>According to the Levy Institute paper, authored by economists Scott Fullwiler, Stephanie Kelton, Catherine Ruetschlin, and Marshall Steinbaum, canceling all student debt would increase GDP by between $86 billion and $108 billion per year, over the next decade. This would add between 1.2 and 1.5 million jobs to the economy, and reduce the unemployment rate by between 0.22 and 0.36 percent. Oh man, those are big numbers. And we're basically already at full employment. How on earth are they getting those numbers? Let's find out!
Looks like they have four main modeling scenarios. Two Fair (note: not actually fair. Named after a Dr. Fair) models and two Moody's models. The Moody's model is like a middle ground between a pure VAR regression model and a DSGE style of model. Nothing super interesting or controversial, I guess, beyond that
<Macro forecasting is on the borderline of being badeconomics in and of itself
But fine. The Fair model... let's see... ummm...
>Whereas the Moody’s model has a self-described “Classical core”—or long-run assumptions based upon estimated supplyside fundamentals—to complement a more “Keynesian” short run, the Fair model is more traditionally Keynesian throughout. In contrast to the Moody’s model, Fair’s econometric studies have rejected the so-called nonaccelerating inflation rate of unemployment (NAIRU) dynamics. To be more precise, Fair finds that the more accurate relationship between inflation and unemployment is nonlinear, whereby inflation is not very responsive to unemployment rates across a wide range, but could become much steeper at very low unemployment rates, perhaps around 2 percent (that is, at very low unemployment rates, inflation could rise substantially). To be clear, though, with so few real-world observations, Fair’s econometric studies were not able to entirely confirm or reject the likelihood of a steep rise in inflation at very low unemployment rates (Fair 2013, 147–60).
So the Fair model basically denies that NAIRU exists. It concedes that maaaaaybe around 2% unemployment you might see some inflation, but that basically you can just keep lowering U3 without ever hitting bottom. Full employment at 4% isn't really a thing, you can always go deeper. This is pretty far from standard macroeconomics as far as I'm aware. So the paper looks at two Fair models and two Moody's models. Both Fair and Moody's have a version where the Fed sees the stimulative action taken and reacts, and one where the Fed is asleep does nothing.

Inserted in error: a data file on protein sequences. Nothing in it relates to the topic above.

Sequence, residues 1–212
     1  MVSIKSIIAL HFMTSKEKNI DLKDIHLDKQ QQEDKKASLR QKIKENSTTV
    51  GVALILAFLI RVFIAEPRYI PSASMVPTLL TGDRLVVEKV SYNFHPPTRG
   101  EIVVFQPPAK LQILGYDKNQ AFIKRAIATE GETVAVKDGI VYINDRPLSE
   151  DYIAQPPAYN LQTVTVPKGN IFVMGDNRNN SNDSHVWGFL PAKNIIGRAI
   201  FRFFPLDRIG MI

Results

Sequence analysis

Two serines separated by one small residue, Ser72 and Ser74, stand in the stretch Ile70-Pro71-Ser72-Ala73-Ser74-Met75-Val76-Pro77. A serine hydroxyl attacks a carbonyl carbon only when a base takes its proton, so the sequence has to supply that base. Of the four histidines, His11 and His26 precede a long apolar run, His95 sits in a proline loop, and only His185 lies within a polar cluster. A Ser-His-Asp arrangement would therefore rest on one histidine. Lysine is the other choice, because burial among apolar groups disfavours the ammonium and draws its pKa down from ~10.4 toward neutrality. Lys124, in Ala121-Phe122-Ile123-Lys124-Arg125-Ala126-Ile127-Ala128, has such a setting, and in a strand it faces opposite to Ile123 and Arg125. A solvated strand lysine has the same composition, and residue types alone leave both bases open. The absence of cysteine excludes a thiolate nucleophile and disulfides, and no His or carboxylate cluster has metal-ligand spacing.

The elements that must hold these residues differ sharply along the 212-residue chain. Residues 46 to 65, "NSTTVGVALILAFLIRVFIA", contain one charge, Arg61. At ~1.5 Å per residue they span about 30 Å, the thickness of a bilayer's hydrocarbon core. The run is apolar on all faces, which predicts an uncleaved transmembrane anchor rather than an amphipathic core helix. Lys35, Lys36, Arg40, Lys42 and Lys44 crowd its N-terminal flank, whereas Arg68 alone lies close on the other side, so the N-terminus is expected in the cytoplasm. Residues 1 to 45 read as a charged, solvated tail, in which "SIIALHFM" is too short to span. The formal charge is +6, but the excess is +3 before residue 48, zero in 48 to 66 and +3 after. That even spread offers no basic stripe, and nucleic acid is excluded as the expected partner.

Pic related is the results of the four models
Unsurprisingly, the Fair models show big effects either way. If you assume that full employment isn't a thing and NAIRU is a dirty lie until 2% or lower, then stimulus is stimulative. Who knew? The Moody's model shows big effects if the Fed is asleep. If the Fed is awake, as they tend to be, then the effects are relatively tiny. I wonder what's a more realistic assumption - that a Fed with 4% unemployment is jumpy about inflation, or that they'll just ignore a gigantic stimulus?
If you take the most realistic scenario, this is something like 20B per year GDP growth - about a tenth of a percent. Probably not different from statistical noise given the complexity of the models we're working with here. Is that the estimate that makes it into the abstract? hahahahahahahaha no.
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